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That flu you have may not be the flu

Image Credit: ADOBE STOCK
January 14, 2019 - 4:50 PM

PENTICTON - So, you went to the trouble to get a flu shot this year, but you ended up spending a week on the couch with body aches, chills, a cough, sore throat and congestion anyway?

Cheer up. You may not have the flu.

According to Interior Health Medical Care Officer Dr. Karin Goodison, the world of viruses is a complicated one.

Goodison says with the flu season just about at its peak, initial data indicates this year’s vaccine is a good match for this year’s flu bug.

“It’s an H1N1 season, which generally means better matches,” she says, adding the flu shot only protects against three viruses - H1N1, H3N2 and Influenza B. She says exposure to any other respiratory virus could give flu like symptoms, leaving you thinking you’ve got the flu.

Goodison says the only way to know for sure is to get a swab test for the flu, as there are "several other viruses floating around out there.”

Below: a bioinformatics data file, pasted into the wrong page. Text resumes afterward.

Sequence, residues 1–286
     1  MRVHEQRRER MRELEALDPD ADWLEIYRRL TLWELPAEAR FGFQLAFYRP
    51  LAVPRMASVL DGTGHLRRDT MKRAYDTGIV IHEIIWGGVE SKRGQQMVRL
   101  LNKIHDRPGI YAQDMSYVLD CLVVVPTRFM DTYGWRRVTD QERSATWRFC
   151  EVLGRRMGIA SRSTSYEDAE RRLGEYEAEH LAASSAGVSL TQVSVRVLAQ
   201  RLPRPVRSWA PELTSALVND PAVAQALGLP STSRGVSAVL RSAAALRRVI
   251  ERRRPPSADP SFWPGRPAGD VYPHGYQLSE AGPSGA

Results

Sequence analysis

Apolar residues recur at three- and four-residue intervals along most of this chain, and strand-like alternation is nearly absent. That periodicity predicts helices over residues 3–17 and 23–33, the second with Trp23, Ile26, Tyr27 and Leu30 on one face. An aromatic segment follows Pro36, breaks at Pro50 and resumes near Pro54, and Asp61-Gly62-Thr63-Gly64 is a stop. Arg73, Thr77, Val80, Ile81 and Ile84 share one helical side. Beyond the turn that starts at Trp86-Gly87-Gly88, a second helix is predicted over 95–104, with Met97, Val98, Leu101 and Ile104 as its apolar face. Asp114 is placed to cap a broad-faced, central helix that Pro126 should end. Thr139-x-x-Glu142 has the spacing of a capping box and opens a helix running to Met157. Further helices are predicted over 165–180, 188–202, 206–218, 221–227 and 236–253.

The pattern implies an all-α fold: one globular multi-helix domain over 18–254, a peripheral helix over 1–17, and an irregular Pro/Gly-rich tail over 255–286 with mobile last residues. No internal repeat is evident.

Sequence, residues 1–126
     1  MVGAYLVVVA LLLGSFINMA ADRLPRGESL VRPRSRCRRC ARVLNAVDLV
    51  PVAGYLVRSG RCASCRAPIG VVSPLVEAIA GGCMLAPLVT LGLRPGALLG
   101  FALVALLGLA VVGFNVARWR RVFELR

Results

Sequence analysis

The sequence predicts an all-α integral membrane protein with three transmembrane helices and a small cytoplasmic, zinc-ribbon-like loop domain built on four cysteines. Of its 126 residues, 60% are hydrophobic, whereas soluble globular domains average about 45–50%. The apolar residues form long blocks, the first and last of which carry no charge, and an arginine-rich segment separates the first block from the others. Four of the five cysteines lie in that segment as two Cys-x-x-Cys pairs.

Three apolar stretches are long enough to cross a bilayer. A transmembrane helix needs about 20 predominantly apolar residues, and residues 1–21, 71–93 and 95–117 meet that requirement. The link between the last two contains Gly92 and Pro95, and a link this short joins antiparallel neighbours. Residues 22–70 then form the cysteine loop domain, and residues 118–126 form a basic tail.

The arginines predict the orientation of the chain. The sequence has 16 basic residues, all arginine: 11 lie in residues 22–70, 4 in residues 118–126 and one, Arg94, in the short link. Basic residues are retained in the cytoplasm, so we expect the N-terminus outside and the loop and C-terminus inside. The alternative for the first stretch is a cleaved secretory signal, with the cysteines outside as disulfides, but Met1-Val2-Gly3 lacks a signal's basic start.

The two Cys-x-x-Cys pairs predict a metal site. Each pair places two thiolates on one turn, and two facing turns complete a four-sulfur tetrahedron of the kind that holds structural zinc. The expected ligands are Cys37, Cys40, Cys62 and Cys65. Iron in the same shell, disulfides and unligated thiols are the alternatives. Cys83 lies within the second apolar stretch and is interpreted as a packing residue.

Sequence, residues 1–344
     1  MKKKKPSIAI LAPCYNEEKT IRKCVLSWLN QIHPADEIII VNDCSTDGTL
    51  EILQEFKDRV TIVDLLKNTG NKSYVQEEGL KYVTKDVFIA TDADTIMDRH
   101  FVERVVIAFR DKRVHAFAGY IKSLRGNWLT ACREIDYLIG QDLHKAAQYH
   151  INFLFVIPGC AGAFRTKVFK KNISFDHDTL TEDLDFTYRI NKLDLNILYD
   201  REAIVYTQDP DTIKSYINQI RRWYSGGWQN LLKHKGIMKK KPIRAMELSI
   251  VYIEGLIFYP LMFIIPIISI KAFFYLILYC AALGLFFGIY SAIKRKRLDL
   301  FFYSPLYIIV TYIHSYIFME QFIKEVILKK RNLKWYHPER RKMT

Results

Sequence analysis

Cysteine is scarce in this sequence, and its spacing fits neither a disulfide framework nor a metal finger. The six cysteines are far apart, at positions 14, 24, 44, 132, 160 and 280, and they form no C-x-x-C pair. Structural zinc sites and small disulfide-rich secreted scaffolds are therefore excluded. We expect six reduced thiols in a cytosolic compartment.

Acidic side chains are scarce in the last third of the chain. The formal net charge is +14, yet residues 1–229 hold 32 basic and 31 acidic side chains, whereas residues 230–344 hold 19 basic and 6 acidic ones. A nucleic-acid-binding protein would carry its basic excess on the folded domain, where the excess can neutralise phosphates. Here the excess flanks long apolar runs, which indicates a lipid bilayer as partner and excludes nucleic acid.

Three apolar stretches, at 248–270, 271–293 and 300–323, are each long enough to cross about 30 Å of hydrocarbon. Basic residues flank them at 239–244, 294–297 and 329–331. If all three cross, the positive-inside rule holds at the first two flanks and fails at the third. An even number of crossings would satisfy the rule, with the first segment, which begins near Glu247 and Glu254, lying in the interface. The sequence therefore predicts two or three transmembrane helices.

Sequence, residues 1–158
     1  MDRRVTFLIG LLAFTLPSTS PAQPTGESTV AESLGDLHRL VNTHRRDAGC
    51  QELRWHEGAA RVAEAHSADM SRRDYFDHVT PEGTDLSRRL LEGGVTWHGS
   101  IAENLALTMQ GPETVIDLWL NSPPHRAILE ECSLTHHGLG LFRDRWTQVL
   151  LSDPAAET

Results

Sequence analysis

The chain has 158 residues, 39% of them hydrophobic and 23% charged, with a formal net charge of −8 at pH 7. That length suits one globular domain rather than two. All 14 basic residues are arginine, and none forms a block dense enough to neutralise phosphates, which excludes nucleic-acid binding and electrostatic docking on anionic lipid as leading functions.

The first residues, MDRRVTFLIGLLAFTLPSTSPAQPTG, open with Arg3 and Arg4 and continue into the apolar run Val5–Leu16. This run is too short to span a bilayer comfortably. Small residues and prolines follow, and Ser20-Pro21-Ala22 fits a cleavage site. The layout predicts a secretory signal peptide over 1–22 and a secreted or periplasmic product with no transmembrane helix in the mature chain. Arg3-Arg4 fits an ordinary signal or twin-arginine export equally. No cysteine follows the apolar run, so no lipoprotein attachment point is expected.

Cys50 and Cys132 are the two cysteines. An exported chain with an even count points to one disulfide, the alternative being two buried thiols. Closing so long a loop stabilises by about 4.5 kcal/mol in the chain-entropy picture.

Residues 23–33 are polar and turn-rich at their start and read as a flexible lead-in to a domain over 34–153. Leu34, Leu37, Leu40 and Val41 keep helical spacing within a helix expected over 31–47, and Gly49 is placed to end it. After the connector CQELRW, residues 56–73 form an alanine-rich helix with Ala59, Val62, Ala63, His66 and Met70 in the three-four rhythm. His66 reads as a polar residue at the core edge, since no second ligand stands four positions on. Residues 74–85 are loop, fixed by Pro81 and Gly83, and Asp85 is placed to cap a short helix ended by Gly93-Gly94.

Goodison admits the flu shot isn’t 100 per cent effective, but even if it’s not a perfect match for a particular flu strain, it will still provide some protection in the form of a milder or shorter duration illness.

The B.C. Centre for Disease Control will have a more thorough understanding of how good a match this year’s flu vaccine is by the end of the season, which Goodison says is showing signs of peaking and beginning to wind down in the past surveillance week.

They have also been checking to see what proportion of those people presenting for influenza actually have the flu.

“The latest report shows flu positivity at 50 per cent of swabs tested, meaning there is a 50 per cent chance the patient may have some other virus,” Goodison says.

“It’s not too late to get the flu shot. It’s a good match for this year’s virus, and we’ll probably see an upswing in Influenza B as spring approaches,” she says.

Goodison encourages children under the age of 10 and particularly those under age five to get the shot because that age group is experiencing a higher severity of illness this year.

To contact a reporter for this story, email Steve Arstad or call 250-488-3065 or email the editor. You can also submit photos, videos or news tips to the newsroom and be entered to win a monthly prize draw.

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